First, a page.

What is the Housing Element?
The Housing Element 2022 Update is San Francisco’s housing plan for the next 8 years (2022-2030) and the first one that will center on racial and social equity. It will include policies and programs that express San Francisco's residents collective vision and values for the future of housing. This update will determine what our housing needs are and how it'd work to address them, defining priorities for decision making and resource allocation for housing programs, development, and services.
To make sure housing policies and programs are inclusive and represent the values and ideas of city’s diverse population, Planning Department staff or the City wants to hear from as many San Francisco residents and community members as possible.
How will my input be used?
Your input will inform goal, policies, and actions that will guide the City’s housing investments on tenant protections, affordable housing preservation and production, addressing homelessness, as well as what kinds of housing and where the City should facilitate more housing. This plan will serve the housing needs of all San Franciscans, advancing equitable outcomes particularly for American Indian, Black and other Communities of Color, as well as low-income populations and vulnerable groups. This means creating a Housing Element that supports:
- Racial and social equity
- Eliminating community displacement
- Affordable housing choices for everyone in all neighborhoods
- Thriving neighborhoods resilient to climate and health crises
These guiding values were refined through input from residents, community members and stakeholders during Phase 1 of outreach and engagement.
First, start by checking how the zoning regulations influence the value of your property.
The last update was adopted in 2014. Since then, SF Planning has focused its efforts in addressing housing affordability, displacement, and gentrification through several projects and initiatives. What we had heard from San Francisco communities during these initiatives informed the values and key policy ideas that were first shared when we launched the first phase of an extensive outreach and engagement process for Housing Element 2022 Update in May 2020.
You can learn more about the Housing Element 2022 Update by watching this three-part informational video series:
- Part I: Context | Dismantling San Francisco's Housing Inequities (中文) (Español)
- Part II: Community Outreach and Engagement (中文) (Español)
- Part III: Key Policy Shifts for Consideration (中文) (Español)
Below is a full overview of the planning process, timeline, outreach and engagement strategy, and an update on the process as of March 2021.
DRAFT Sites Inventory Report and Rezoning Program
The report identifies specific parcels available for residential development, the methodology used to determine them, and a Rezoning Program to accommodate the shortfall and meet RHNA and AFFH requirements. To see the DRAFT list of parcels, please click here.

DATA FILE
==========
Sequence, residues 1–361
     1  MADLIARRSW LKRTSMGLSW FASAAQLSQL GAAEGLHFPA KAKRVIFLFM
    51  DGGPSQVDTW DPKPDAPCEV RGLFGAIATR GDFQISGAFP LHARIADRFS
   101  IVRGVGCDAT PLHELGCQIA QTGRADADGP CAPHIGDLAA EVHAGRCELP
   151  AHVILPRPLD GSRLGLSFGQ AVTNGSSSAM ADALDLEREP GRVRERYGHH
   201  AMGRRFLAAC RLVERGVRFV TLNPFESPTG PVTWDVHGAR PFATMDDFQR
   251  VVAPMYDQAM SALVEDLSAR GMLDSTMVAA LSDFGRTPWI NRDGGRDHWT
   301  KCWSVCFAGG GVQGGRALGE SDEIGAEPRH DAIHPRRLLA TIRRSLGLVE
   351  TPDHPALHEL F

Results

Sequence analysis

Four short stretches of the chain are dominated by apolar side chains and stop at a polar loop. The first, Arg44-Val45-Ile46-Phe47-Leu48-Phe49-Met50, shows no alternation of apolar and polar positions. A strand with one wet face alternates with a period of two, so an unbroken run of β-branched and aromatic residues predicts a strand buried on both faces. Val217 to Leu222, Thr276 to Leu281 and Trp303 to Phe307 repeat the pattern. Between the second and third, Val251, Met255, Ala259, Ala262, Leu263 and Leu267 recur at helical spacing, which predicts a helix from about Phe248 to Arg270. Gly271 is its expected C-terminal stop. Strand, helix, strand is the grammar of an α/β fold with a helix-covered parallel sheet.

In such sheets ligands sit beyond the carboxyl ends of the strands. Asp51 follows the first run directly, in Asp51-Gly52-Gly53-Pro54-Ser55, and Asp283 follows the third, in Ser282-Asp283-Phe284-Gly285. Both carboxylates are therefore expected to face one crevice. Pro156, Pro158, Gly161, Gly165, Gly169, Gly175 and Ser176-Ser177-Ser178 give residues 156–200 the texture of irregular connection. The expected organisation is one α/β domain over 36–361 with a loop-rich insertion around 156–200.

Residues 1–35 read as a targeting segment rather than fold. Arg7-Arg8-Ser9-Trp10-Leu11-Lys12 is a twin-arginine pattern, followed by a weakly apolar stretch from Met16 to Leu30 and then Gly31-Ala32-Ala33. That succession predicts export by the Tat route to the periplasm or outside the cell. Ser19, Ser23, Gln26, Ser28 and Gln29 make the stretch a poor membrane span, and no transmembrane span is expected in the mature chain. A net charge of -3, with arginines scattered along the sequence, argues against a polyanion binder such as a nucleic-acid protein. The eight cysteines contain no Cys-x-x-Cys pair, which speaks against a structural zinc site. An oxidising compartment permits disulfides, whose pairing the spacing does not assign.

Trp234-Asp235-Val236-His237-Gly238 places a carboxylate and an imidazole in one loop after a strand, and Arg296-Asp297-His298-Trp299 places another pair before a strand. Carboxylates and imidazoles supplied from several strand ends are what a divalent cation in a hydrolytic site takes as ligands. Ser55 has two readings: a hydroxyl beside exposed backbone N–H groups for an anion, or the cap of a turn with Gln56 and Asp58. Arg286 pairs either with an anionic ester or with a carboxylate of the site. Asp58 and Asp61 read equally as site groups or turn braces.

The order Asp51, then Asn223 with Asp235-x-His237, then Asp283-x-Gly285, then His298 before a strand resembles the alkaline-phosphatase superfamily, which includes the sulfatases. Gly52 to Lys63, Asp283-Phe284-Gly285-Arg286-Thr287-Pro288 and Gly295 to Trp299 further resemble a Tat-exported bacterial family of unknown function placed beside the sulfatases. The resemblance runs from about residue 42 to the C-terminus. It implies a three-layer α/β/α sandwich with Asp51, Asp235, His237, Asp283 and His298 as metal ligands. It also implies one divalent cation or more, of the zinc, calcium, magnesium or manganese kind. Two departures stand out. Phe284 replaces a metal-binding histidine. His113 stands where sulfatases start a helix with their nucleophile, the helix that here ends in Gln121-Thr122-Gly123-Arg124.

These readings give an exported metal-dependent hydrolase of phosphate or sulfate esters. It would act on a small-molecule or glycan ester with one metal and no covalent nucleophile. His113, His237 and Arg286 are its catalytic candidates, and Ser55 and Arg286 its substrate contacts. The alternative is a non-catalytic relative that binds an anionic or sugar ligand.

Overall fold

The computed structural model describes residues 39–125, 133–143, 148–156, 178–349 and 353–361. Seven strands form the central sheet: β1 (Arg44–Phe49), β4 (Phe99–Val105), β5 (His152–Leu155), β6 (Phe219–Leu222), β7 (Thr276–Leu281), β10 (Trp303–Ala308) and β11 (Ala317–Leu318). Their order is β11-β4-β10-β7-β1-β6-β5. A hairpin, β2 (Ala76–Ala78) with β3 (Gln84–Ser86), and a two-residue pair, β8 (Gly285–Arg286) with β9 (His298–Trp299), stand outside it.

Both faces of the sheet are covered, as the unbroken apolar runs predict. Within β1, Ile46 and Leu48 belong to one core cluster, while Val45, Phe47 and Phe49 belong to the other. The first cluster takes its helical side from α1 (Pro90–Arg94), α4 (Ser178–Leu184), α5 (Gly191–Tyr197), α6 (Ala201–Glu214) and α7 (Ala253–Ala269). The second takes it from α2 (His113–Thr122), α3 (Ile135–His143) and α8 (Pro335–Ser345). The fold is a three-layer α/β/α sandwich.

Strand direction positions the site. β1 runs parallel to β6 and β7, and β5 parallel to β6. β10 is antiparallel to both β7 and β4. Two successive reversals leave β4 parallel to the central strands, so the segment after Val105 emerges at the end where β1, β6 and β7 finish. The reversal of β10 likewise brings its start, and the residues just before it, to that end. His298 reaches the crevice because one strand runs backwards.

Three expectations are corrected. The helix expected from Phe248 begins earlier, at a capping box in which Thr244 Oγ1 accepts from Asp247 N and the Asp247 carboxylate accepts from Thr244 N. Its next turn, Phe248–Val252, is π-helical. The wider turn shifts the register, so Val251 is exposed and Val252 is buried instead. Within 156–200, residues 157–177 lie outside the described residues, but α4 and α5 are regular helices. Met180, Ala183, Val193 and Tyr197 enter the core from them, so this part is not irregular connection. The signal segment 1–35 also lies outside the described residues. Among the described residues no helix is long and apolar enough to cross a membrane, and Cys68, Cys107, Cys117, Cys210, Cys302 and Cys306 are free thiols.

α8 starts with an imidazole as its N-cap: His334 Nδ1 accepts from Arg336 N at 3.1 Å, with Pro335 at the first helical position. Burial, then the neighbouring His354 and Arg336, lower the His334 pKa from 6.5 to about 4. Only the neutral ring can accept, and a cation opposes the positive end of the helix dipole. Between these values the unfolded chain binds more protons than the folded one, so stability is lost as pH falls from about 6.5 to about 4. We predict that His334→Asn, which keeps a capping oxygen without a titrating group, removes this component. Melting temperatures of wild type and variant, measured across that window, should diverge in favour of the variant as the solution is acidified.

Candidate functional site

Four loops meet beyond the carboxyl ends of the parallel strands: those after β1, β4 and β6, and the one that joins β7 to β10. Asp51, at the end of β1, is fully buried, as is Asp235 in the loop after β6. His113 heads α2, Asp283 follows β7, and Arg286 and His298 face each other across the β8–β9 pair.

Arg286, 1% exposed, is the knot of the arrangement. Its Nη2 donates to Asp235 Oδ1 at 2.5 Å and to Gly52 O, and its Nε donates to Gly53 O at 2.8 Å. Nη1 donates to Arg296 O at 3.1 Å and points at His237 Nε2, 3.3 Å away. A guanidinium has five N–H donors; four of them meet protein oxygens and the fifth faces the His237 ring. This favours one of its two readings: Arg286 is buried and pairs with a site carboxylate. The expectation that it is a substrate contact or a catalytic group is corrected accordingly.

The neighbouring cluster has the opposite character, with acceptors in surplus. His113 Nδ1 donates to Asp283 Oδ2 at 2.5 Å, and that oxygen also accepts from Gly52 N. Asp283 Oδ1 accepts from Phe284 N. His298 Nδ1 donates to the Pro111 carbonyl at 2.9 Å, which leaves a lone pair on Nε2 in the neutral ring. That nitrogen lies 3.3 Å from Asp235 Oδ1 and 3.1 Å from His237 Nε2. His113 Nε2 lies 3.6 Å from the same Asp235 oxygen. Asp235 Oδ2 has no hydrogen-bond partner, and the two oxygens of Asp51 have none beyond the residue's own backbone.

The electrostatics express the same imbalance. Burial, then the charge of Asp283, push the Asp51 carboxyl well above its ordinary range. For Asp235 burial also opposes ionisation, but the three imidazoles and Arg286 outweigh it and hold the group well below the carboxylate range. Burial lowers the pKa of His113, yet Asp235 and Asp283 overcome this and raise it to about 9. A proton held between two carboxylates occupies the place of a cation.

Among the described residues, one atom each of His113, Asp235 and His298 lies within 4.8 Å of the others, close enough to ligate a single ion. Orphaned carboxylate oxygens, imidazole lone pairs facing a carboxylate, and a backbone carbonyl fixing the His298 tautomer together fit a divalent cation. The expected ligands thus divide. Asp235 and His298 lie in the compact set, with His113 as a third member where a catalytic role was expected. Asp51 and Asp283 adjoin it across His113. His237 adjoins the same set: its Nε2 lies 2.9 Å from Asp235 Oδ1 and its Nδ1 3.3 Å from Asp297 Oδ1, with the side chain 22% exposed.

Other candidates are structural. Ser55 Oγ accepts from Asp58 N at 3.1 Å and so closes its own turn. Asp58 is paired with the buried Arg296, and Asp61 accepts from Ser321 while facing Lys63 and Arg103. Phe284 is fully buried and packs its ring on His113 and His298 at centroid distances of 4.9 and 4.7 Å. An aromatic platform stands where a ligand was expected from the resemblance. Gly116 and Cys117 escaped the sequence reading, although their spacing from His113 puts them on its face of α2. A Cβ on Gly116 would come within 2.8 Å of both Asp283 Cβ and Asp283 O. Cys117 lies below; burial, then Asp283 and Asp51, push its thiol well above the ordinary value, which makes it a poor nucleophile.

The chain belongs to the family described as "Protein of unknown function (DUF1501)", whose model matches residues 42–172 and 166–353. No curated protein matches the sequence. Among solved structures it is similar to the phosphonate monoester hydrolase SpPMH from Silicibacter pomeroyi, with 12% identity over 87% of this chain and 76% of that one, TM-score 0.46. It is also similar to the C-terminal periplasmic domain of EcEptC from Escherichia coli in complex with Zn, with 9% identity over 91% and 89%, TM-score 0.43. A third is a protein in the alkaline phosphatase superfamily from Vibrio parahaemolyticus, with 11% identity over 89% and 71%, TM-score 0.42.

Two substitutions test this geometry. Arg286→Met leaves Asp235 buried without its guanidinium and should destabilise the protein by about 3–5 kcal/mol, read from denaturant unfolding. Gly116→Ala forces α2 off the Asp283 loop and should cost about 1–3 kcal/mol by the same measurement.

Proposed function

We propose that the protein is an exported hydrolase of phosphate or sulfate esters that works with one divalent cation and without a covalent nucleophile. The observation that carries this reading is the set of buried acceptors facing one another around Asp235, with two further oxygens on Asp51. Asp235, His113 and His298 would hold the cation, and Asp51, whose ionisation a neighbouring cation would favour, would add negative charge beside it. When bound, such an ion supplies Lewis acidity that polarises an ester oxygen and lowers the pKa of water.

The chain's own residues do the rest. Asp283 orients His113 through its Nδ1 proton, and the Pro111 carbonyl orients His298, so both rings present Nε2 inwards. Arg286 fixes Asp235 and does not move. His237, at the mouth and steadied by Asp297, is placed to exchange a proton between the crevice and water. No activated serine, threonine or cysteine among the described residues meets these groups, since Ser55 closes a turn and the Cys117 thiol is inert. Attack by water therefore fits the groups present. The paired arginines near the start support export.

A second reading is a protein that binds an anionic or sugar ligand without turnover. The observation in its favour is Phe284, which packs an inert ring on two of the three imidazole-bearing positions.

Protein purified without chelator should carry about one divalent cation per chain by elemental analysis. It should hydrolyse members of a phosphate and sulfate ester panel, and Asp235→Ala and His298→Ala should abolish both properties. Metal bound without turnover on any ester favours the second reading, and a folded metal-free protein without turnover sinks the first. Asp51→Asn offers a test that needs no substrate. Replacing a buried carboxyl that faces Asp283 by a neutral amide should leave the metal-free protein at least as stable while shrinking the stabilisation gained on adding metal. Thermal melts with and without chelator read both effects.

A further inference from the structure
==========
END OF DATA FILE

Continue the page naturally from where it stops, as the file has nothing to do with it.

This rezoning strategy is designed to support the shortfall described above and align with Housing Element Update’s proposed goals and objectives with the following key considerations:
• Creating more housing choice in Well-resourced neighborhoods to increase housing availability, choice, and access to opportunities for more households, particularly American Indian, Black, and other people of color, to live near good public services, transit, open space, schools, and local businesses.
• Increase housing that is affordable for low- and moderate-income households
• Increase housing types to accommodate households with a variety of needs, including seniors, those with disabilities, families, and those with fixed or workforce incomes.
Rezoning is specifically addressed in the following Housing Element Update 2022 policy and actions:
What Policy 20 proposes?
Increase mid-rise and small multi-family housing types in Well-resourced Neighborhoods near transit, including along SFMTA Rapid Network and other transit, and throughout lower-density areas, by adopting zoning changes or density bonus programs.
a) Increase the opportunity for mid-rise multi-family buildings through changes to height limits, removal of density controls, and other zoning changes along SFMTA’s Muni Forward Rapid Network and other transit lines such as California Street, Union Street, Lombard Street, Geary Blvd, Judah Street, Noriega Street, Ocean Ave, Taraval Street, Sloat Blvd, 19th Ave, Park Presidio Blvd, West Portal Ave, Junipero Serra Blvd, Church Street, Divisadero Street, 17th and Market/Castro, and Van Ness Ave.
b) Increase the opportunity to create more small multi-family buildings by replacing lot-based unit maximum zoning controls with form-based residential or mixed-use zoning in Well-resourced Neighborhoods near transit.
c) Allow a minimum of four units on all residential lots, expanding the State duplex/lot split program(SB 9) and include programs and incentives that target these new homes to moderate- and middle-income households as described in Policy 26.
d) Create a rezoning program to meet the requirements of San Francisco’s Regional Housing Needs Allocation, and Affirmatively Furthering Fair Housing laws, relying on a combination of strategies inactions (a) through (c) above to accommodate approximately 20,000 units.
e) Engage with communities living in Well-resourced Neighborhoods to nurture enhanced openness for all through educational material and community conversations that highlight how locating new housing and permanently affordable housing in every neighborhood can address historic inequity and injustice and build more vibrant neighborhoods that improve everyone’s quality of life.
Areas Considered for Additional Height and/or Density
Here you could download the full document of the Housing Element 2022